According to Associate Professor Betina Szkudlarek of the University of Sydney Business School, 80% of asylum seekers and refugees struggle to find work during their first two years in Australia.

Ms Szkudlarek emigrated from Poland 10 years ago and is conducting research with businesses across Australia, to define what employers need to hire more refugees.

Betina Szkudlarek from the University of Sydney

Betina Szkudlarek from the University of Sydney Source: SBS / Supplied Betina Szkudlarek

“Employers tell us they are very keen on employing refugees, but they want the process to be very simple,” she says.

“Some are ready to hire hundreds of refugees, while others are interested in one or two candidates.”

English training and mentoring other refugees, like Bushra, can be a crucial first step towards employment or entrepreneurship, she says.

Bushra Francis with two of her students

Bushra with two of her students. Source: SBS / Scott Cardwell

“Most refugees don’t understand local employment and the labor market, and the processes, the hiring processes. So to have someone who knows that, someone who’s been there to explain to them the differences they might see in their home country and here in Australia, that’s critical for refugees to be successful on the labor market.

Once refugees are settled into work, she says they have high productivity and low turnover. And as Australia reboots after the COVID-19 pandemic, she says hiring more refugees is also a win for employers.

“In many industries, Australia is in the midst of a labor shortage. At the same time, throughout the pandemic, many refugees have urgently sought work, but have not succeeded.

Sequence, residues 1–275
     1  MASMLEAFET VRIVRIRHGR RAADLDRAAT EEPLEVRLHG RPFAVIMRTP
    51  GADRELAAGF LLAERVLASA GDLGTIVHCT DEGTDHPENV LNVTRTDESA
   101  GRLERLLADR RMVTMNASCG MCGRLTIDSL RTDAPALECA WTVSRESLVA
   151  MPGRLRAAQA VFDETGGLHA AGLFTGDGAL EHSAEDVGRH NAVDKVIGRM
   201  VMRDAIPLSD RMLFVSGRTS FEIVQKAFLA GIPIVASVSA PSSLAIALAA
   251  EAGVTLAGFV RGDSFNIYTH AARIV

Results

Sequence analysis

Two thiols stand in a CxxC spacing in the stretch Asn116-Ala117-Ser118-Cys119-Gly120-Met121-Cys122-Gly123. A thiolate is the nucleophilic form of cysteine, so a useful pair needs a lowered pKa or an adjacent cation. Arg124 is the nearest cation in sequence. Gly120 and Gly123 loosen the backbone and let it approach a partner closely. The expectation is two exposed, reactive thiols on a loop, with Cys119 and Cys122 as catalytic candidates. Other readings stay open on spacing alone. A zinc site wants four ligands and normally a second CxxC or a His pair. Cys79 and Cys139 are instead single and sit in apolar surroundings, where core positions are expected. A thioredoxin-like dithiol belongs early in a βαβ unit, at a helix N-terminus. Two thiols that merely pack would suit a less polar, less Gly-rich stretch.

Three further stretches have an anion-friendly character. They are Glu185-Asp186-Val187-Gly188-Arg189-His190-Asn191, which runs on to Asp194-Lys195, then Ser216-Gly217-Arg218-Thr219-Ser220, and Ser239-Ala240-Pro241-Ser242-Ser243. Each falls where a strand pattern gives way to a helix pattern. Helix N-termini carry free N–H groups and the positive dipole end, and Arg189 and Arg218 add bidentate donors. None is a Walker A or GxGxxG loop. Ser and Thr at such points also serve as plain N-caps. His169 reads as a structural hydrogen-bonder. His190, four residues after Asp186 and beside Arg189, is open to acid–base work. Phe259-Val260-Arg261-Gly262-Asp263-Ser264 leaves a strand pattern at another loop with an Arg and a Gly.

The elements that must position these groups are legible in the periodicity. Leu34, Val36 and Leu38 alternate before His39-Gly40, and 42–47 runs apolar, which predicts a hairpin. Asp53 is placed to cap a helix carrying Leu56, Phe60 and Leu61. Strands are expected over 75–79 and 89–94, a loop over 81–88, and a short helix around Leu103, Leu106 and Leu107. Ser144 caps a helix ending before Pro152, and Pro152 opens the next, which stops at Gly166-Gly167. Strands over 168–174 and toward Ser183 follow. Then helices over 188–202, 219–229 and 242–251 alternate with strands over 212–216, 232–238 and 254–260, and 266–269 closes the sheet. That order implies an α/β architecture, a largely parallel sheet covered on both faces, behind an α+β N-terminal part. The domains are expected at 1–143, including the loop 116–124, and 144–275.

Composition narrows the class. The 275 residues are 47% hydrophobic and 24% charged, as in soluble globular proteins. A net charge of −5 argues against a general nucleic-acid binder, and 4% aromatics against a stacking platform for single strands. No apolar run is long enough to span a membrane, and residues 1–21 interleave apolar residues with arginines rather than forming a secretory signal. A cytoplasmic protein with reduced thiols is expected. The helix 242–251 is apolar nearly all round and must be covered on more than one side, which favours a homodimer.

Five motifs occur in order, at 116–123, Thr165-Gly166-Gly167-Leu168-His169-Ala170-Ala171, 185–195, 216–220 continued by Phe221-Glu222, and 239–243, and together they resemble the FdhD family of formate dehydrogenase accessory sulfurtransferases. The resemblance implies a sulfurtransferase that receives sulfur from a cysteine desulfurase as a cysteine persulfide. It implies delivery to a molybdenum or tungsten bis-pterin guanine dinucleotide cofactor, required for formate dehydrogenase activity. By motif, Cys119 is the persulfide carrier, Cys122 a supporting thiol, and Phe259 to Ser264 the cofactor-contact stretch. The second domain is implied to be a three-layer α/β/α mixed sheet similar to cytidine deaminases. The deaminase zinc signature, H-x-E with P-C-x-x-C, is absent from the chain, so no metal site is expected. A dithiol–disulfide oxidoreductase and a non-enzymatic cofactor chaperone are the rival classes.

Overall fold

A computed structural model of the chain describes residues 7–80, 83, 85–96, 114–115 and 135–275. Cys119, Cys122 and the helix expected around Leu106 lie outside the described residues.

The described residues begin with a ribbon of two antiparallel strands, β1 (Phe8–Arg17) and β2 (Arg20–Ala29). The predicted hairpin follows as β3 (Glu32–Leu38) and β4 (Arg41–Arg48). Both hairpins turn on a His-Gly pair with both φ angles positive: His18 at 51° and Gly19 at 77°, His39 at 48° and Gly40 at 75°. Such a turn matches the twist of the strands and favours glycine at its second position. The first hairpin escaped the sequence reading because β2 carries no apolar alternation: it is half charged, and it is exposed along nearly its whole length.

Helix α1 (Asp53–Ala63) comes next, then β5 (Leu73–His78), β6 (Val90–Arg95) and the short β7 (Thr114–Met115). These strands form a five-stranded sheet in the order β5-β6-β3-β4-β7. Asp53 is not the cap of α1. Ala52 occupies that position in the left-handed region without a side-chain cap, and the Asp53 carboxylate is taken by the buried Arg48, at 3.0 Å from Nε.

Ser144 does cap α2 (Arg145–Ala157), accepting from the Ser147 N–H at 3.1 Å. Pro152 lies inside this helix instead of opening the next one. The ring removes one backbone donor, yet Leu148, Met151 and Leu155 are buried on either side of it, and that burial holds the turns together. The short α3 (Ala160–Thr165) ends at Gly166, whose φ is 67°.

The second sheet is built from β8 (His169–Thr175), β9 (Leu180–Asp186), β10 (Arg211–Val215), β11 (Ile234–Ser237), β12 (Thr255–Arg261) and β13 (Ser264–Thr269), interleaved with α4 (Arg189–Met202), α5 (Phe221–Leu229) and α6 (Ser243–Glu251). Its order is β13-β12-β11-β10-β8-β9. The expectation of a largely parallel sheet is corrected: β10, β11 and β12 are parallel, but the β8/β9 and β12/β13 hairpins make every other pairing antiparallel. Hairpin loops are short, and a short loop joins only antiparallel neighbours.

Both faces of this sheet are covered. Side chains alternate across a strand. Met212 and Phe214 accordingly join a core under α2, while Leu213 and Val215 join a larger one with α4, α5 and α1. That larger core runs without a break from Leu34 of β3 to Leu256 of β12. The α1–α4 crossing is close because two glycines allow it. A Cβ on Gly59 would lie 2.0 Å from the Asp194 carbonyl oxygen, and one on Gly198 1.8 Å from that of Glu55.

“Refugees are very determined to rebuild their lives in Australia. With this determination, commitment and these quite often extensive skills, they add value to employers of different types. »

She calls for additional funding for small nonprofit groups and social enterprises that connect refugees to the local job market.

Basma Habash standing in a park

Basma hopes to expand her business. Source: SBS / Scott Cardwell

“Most of the refugees who come here have absolutely no professional network. So having a group that connects them with those opportunities and opens doors for them is really essential for refugee employment.

In addition, many are on their own to use existing skills.

Basma is grateful to Bushra for helping her start a business and, in turn, Bushra is proud of her student and friend.

“Basma did an amazing job and I couldn’t be prouder. She achieved her dreams.

“I hope we will work together to set up his driving school in the next two years.”